Staffers from the offices of Reps. Devin Nunes and Jim Costa, among others, participated in the roughly hourlong program at Arlington National Cemetery. Lawmakers themselves, though detained at the Capitol on Friday by unexpected House votes, already had paid their respects by introducing legislation this week on behalf of the Hmong.

Bills reintroduced by Costa and others in the House of Representatives and Sen. Lisa Murkowski, R-Alaska, and others in the Senate would authorize the burial of Hmong and Lao veterans in U.S. national cemeteries. The lawmakers previously have introduced similar bills; initially, Costa said, to honor the late Hmong military leader Vang Pao, who died in 2011.

On Friday, Vang Pao’s youngest son, Fresno resident Chi Neng Vang, represented the family at the Arlington cemetery commemoration. The 30-year-old, Southern California-born Vang represented, as well, the new generation who know of the parents’ war only through stories.

“We are here,” Vang said, “to pay our respects.”

April 22, 2015

Thailand plays the Russia card

Thailand plays the Russia card

by Pavin Chachavalpongpun

Click on the link to get more news and video from original source: http://www.japantimes.co.jp/opinion/2015/04/22/commentary/world-commentary/thailand-plays-russia-card/#.VTgXT5OVTQQ

On April 7-8, Dmitry Medvedev became the first Russian prime minister to visit Thailand in 25 years. The Russian leader’s visit to Bangkok was excessively publicized both to the benefit of Russia in expanding its presence in Southeast Asia, and to that of the military government of Gen. Prayuth Chan-ocho who took advantage of Medvedev’s high profile visit to legitimize his regime.

While in Thailand, Medvedev signed a number of bilateral agreements with his Thai counterpart, for example, to combat drug trafficking, boost investment and develop Thai energy sector. The two countries were ambitious in their goal to double annual bilateral trade next year to $10 billion.

As reported by the Russian media, around 0.9 percent of ASEAN exports are services to Russia and 2.8 percent of Russian exports are services to ASEAN. Thailand is the leading ASEAN nation trading with Russia at $2.3 billion, leaving far behind Vietnam with $609 million and Singapore at $364 million. Thailand hopes Russia will buy its over-produced rubber. On top of this, it expects to attract more Russian tourists. In 2014, Thailand drew 1.6 million Russian tourists. But so far, the total number is down 8.6 percent this year.

What is more important than the strengthening of diplomatic ties between Thailand and Russia is the fact that Medvedev’s trip to Bangkok came at the time when the Prayuth regime has been heavily criticized by certain Western governments and international organizations. They have condemned the Prayuth government for replacing martial law with sweeping security powers for the military, as an obstacle to the protection of the people’s rights.

Prayuth’s statement perfectly reflected the perception of Thailand vis-a-vis the game of international politics in which his country has been dealing with different great powers. Prayuth said, “Friends prove their worth when one is in trouble. Friends will help and understand,” purportedly to praise the Russian friendship at the expense of the United States, which has taken a harsher stance against his regime.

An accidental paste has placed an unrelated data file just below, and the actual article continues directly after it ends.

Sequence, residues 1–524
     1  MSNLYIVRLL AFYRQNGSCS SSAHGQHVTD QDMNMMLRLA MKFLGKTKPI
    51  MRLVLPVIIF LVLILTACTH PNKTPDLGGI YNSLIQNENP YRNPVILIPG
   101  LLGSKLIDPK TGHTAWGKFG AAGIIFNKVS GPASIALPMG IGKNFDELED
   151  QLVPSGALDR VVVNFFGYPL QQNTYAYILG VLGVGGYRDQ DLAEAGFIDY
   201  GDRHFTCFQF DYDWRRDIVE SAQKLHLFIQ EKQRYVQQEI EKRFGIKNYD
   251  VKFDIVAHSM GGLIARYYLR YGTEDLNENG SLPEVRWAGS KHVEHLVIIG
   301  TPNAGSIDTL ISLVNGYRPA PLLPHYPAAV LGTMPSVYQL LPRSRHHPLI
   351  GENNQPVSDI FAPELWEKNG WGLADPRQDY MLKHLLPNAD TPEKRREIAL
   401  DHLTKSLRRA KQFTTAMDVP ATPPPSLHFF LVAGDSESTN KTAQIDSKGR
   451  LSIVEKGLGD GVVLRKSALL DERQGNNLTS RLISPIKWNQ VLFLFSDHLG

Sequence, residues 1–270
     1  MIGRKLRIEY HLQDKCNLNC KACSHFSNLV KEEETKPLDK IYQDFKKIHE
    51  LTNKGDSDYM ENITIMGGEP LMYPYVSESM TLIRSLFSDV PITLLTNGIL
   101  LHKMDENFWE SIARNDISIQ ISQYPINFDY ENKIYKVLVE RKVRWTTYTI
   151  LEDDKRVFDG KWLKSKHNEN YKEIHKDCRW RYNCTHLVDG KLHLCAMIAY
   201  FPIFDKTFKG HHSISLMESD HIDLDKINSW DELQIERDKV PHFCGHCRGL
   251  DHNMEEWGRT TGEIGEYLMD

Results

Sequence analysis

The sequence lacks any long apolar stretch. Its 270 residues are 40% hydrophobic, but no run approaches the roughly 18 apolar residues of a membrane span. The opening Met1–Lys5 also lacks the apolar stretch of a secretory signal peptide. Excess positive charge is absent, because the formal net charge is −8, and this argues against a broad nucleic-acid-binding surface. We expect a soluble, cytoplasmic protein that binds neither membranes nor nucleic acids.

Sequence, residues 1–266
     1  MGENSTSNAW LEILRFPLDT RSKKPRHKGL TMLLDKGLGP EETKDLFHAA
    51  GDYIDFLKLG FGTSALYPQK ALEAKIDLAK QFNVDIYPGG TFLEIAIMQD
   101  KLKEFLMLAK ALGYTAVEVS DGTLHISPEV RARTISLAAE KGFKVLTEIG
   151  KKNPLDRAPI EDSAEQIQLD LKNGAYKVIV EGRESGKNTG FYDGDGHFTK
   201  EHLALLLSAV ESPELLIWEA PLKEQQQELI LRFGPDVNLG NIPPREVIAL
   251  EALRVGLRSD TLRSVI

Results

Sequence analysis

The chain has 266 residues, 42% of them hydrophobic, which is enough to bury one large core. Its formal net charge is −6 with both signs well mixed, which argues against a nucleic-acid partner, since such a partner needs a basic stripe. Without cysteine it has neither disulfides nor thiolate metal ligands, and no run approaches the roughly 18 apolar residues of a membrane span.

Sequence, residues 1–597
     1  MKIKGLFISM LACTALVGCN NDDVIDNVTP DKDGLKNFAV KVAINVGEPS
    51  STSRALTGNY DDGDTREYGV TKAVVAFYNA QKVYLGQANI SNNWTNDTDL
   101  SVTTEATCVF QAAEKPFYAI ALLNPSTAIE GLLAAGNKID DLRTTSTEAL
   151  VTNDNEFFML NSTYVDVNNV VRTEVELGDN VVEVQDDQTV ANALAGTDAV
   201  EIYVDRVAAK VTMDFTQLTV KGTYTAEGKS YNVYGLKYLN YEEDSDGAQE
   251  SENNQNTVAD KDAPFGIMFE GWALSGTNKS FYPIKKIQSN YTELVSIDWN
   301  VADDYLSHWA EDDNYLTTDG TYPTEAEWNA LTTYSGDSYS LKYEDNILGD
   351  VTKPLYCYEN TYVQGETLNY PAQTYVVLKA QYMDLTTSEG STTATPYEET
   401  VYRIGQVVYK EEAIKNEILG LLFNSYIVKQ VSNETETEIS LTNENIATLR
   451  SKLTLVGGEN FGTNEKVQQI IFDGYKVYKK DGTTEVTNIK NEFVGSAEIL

In response, Medvedev replied, “Thailand is a close friend in the Asia-Pacific region and we have long diplomatic relations. In two years we will mark our 120 years of relations.”

Preparation for Prayuth’s visit to Moscow, which could take place within months, is already underway. It is noteworthy that most Western nations have applied travel bans against top Thai military leaders. So Prayuth’s trip to Russia could be seen as a big slap in the face of these countries.

In Thailand, the exploitation of Medvedev’s visit to consolidate the position of the government has continued. A Thai government spokesperson has confirmed that Thailand will consider buying military weapons from Russia. This news is likely to irritate the U.S., which has long been an arms supplier for Thailand. In reality, however, Russia has always been an alternative source of military equipment for Thailand.

Ten year ago, when Thailand was under the Thaksin Shinawatra government, the country’s ties with Russia were strong. President Vladimir Putin became Russia’s major arms salesman and sought to expand arms sales with Thailand. His efforts was welcomed by Thaksin, who agreed to buy a dozen Sukhoi-30 fighter jets from Russia worth $500 million. In 2015, Russia has subtly engaged itself in Thailand’s political situation to regain its political foothold, a move that has chilled U.S.-Thai relations.

But the renewed friendly relations between Thailand and Russia must be analyzed in the context of the turbulence in the Thai domestic politics. Since the coup of May 2014, an army of Western nations, including the U.S, Australia, and EU states, has imposed soft sanctions against the military junta.

To lessen the impact of Western sanctions, the Thai military government has turned to its neighboring countries to seek their endorsement of its regime. Powerful dignitaries from Myanmar and Cambodia all paid visits to Thailand while offering their support for the military government. China, in particular, is playing the role of a legitimacy provider to the Thai junta, which to a great extent has permitted Thailand to withstand outside pressure.

Now Russia is following in the footsteps of China and some of Thailand’s friends in the Association of Southeast Asian Nations. But this will only further deepen the level of competition among foreign powers in regards to their relationships with Thailand. Already the U.S. has retaliated, stepped up its criticism of the shrinking of democratic space in Thailand and the continued abuses of human rights there.

In Washington’s latest move, President Barack Obama finally announced his nomination for U.S. ambassador to Thailand, after the post remained vacant for six months. But his choice of Glyn Townsend Davies, the former U.S. special representative for North Korea Policy, has raised many eyebrows.

The U.S.-based Center for Strategic and International Studies said, “A career diplomat, Davies is expected to put his knowledge of crisis diplomacy to good use in the context of Thailand’s uncertain political landscape. Expect Davies to continue calling on the Thai military and interim government to restore democracy and show support for the civil and political rights of the Thai people.” This will surely further put U.S.-Thai ties under strains.

Although the political drama in Thailand is far from over, Medvedev’s trip to Bangkok allowed a convenient break for the junta from the heat. Russia has helped raise the Thai military’s confidence in prolonging its rule of Thailand. But Moscow’s move, unfortunately, will not improve the Thai political situation either now or in the long run.

Pavin Chachavalpongpun is an associate professor at Kyoto University’s Center for Southeast Asian Studies.